To crush the resistance and to destroy the will of the Ukrainian peasantry once and for all, the Soviet regime deliberately chose FOOD as its weapon, a weapon that proved to be far more destructive than a nuclear bomb. The Ukrainian peasantry-that historic embodiment of the Ukrainian nation-would be starved into submission. Special units of armed fanatical communists were sent from Russia to requisition all grain, the mainstay of Ukrainian diet.

At the same time, Soviet propaganda dehumanized and demonized Ukrainian peasants into the dreaded class enemies and bourgeois nationalists for whom there could be no pity or mercy.

As the villages began to starve in the bitter winter of 1932-33, huge shipments of Ukrainian grain were being dumped on European markets. The man-made suffering endured by the desperate population is difficult to imagine.

One of the enforcers of the famine, who later regretted his participation, Victor Kravchenko, left the following gut-wrenching image of a stricken village.

"What I saw that morning was inexpressibly horrible. On the battlefield men die quickly, they fight back, they are sustained by fellowship and a sense of duty. Here I saw people dying in solitude by slow degrees, dying hideously, without the excuse of sacrifice for a cause. They had been trapped and left to starve by a political decision made in a far-off capital around conference and banquet tables... Everywhere we found men, women and children lying prone, their faces and bellies bloated, their eyes utterly expressionless."

As the news about this greatest tragedy ever to befall Ukraine leaked out, Ukrainians abroad, including in Winnipeg, reacted with demonstrations and offers of humanitarian aid. But Moscow rejected any proposals of external aid and denied the famine, calling it a slanderous fabrication by the enemies of the Soviet Union. In fact, Moscow would not acknowledge the famine until 1987.

The unprecedented scale of this planned genocide was so enormous that the world, struggling with the Great Depression and inundated with deliberate misinformation, found it difficult to believe. And so, the famine remained hidden. Contemporary Ukraine should be grateful to the efforts of Ukrainians abroad, especially here in Canada, for keeping the memory of the famine alive and public.

Through starvation, the regime did succeed in breaking the backbone of the Ukrainian peasantry. In 1934 food requisitions ended and so did the famine. But political terror, with its purges and slave labour camps continued until Stalin's death in 1953.

What have been the historical consequences of the Great Famine-Genocide?

  1. By ravaging the country side, the famine not only destroyed millions of innocent human beings - estimates range from 4 to 10 million - but also retarded by generations the natural evolution of Ukrainian nationhood. The traditional Ukrainian values of hope, individualism and hard work disappeared. Fear, apathy and alcoholism became the hallmarks of the collective farm. Cities of Ukraine remained bastions of Russification. In general, the traumatized survivors found themselves voiceless cogs in the huge bureaucratic machine that the Soviet Union had become.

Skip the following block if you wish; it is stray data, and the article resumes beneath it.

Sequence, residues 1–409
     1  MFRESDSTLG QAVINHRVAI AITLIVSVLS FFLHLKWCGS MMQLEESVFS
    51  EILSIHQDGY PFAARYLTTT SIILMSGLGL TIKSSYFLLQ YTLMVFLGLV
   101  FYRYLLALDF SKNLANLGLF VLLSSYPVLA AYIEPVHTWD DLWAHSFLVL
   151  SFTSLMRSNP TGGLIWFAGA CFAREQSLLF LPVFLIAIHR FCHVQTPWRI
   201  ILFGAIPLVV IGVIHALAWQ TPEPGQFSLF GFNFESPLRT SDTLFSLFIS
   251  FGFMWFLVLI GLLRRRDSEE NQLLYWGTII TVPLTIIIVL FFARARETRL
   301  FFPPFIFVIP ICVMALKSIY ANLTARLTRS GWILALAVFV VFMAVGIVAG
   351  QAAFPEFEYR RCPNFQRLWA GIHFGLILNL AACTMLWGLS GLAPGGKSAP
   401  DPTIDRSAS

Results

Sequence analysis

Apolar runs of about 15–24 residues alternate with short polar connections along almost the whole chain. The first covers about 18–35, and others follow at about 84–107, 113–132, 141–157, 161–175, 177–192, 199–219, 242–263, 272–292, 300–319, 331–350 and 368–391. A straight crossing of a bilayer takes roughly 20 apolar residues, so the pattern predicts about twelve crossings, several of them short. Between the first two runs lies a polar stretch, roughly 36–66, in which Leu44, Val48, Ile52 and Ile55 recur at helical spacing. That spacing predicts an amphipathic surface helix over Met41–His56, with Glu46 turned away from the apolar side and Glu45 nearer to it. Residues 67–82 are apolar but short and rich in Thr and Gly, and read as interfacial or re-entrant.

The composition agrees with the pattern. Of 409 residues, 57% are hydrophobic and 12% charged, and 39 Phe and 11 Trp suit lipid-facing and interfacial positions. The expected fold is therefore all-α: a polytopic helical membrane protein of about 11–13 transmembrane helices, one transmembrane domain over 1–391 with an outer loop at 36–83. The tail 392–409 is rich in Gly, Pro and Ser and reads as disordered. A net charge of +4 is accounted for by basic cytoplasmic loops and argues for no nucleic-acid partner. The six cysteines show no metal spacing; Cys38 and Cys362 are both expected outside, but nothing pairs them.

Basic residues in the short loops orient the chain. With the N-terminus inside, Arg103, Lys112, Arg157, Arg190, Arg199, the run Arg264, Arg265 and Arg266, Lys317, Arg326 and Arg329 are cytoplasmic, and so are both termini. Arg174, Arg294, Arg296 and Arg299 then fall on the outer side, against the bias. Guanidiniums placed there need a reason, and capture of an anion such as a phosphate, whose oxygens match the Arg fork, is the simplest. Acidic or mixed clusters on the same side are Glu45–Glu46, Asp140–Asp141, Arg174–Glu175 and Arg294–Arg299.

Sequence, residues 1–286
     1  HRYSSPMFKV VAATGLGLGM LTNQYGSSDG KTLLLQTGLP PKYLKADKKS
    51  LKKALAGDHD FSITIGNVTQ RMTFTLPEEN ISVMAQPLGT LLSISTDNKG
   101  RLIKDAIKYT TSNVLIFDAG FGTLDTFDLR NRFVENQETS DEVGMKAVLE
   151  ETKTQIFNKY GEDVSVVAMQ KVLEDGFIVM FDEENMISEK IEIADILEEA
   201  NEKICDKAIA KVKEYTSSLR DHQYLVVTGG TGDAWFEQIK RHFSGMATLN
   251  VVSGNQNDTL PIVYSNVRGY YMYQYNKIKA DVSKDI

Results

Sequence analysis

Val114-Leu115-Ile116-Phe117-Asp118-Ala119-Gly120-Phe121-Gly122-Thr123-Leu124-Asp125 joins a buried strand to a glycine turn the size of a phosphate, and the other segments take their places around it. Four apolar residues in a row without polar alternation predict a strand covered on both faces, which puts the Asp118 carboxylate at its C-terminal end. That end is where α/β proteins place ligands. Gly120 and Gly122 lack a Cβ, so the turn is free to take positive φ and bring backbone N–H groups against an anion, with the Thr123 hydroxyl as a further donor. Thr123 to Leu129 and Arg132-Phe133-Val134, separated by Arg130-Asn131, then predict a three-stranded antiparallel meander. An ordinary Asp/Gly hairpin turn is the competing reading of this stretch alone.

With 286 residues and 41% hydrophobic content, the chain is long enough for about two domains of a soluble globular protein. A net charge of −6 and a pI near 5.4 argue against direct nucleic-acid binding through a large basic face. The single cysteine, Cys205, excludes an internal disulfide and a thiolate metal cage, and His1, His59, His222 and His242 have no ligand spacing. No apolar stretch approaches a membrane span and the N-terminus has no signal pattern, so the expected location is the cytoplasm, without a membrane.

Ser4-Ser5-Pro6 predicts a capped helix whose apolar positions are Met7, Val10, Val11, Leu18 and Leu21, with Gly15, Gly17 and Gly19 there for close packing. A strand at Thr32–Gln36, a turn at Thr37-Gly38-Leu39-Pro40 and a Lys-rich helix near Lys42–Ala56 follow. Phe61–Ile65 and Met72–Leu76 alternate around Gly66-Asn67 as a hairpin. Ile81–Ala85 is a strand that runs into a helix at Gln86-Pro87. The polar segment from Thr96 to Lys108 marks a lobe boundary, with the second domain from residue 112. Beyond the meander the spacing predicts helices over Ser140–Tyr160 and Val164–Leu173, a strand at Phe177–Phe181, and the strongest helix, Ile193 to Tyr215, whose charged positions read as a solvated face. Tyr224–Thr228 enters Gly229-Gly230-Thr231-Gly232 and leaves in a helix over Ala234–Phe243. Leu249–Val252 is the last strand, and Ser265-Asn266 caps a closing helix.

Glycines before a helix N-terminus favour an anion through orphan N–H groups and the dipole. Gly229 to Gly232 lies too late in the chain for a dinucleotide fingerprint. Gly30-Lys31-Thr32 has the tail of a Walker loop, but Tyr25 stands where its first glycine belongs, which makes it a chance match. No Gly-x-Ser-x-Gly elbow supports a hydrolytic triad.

I think therein lies the fundamental dilemmas of independent Ukraine: the problematic nature of Ukraine's national identity and the crises plaguing her slow and erratic transformation into modernity.


  2. I also see a direct connection between the Great Famine and the Holocaust. Hitler was certainly encouraged to launch his planned extermination of the Jewish population by the general indifference to Stalin's engineered mass starvation of Ukrainians. If the Soviet government could get away with such a hideous crime, why not Nazi Germany?


  3. Finally, the catastrophe of the Famine-Genocide must remain part of our collective memory as Ukrainians. Our people have suffered a great deal, perhaps more than others. The historic suffering of Ukrainian people was publicly acknowledged and emphasized during the recent Papal visit to Ukraine. We in Canada and the people of Ukraine must not only recognize the tragic past but come to terms with it. However, Ukraine must not become a captive of that past and keep feeling sorry for herself. She must look to the future and chose an appropriate path. But, as she does so, she must realize that democracy, with all its imperfections, is still the best defense against tyranny and the best protection for human rights. As we know, democracy and freedom are inseparable. By ravaging the country side, the famine not only destroyed millions of innocent human beings - estimates range from 4 to 10 million - but also retarded by generations the natural evolution of Ukrainian nationhood. The traditional Ukrainian values of hope, individualism and hard work disappeared. Fear, apathy and alcoholism became the hallmarks of the collective farm. Cities of Ukraine remained bastions of Russification. In general, the traumatized survivors found themselves voiceless cogs in the huge bureaucratic machine that the Soviet Union had become.


Centre for Ukrainian Canadian Studies
St. Andrew's College, University of Manitoba
Winnipeg, Manitoba
R3T 2N2
Canada